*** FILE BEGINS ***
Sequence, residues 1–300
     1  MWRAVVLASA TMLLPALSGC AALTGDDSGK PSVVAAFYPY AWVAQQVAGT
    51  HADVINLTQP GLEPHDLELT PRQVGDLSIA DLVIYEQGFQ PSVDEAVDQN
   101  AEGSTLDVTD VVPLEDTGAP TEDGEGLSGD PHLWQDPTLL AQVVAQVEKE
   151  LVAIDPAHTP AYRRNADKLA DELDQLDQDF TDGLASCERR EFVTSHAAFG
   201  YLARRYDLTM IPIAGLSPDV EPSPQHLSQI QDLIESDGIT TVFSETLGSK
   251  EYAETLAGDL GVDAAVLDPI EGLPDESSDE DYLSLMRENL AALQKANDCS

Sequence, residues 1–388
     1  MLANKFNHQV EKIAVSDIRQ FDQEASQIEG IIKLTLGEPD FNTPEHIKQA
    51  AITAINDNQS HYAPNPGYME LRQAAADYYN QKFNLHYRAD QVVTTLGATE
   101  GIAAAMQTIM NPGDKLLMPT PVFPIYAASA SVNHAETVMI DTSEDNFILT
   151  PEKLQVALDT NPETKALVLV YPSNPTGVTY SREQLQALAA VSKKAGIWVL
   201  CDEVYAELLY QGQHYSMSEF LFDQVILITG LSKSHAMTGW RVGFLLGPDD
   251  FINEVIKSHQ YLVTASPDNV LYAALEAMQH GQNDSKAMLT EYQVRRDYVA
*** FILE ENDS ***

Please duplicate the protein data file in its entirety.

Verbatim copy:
Sequence, residues 1–300
     1  MWRAVVLASA TMLLPALSGC AALTGDDSGK PSVVAAFYPY AWVAQQVAGT
    51  HADVINLTQP GLEPHDLELT PRQVGDLSIA DLVIYEQGFQ PSVDEAVDQN
   101  AEGSTLDVTD VVPLEDTGAP TEDGEGLSGD PHLWQDPTLL AQVVAQVEKE
   151  LVAIDPAHTP AYRRNADKLA DELDQLDQDF TDGLASCERR EFVTSHAAFG
   201  YLARRYDLTM IPIAGLSPDV EPSPQHLSQI QDLIESDGIT TVFSETLGSK
   251  EYAETLAGDL GVDAAVLDPI EGLPDESSDE DYLSLMRENL AALQKANDCS

Sequence, residues 1–388
     1  MLANKFNHQV EKIAVSDIRQ FDQEASQIEG IIKLTLGEPD FNTPEHIKQA
    51  AITAINDNQS HYAPNPGYME LRQAAADYYN QKFNLHYRAD QVVTTLGATE
   101  GIAAAMQTIM NPGDKLLMPT PVFPIYAASA SVNHAETVMI DTSEDNFILT
   151  PEKLQVALDT NPETKALVLV YPSNPTGVTY SREQLQALAA VSKKAGIWVL
   201  CDEVYAELLY QGQHYSMSEF LFDQVILITG LSKSHAMTGW RVGFLLGPDD
   251  FINEVIKSHQ YLVTASPDNV LYAALEAMQH GQNDSKAMLT EYQVRRDYVA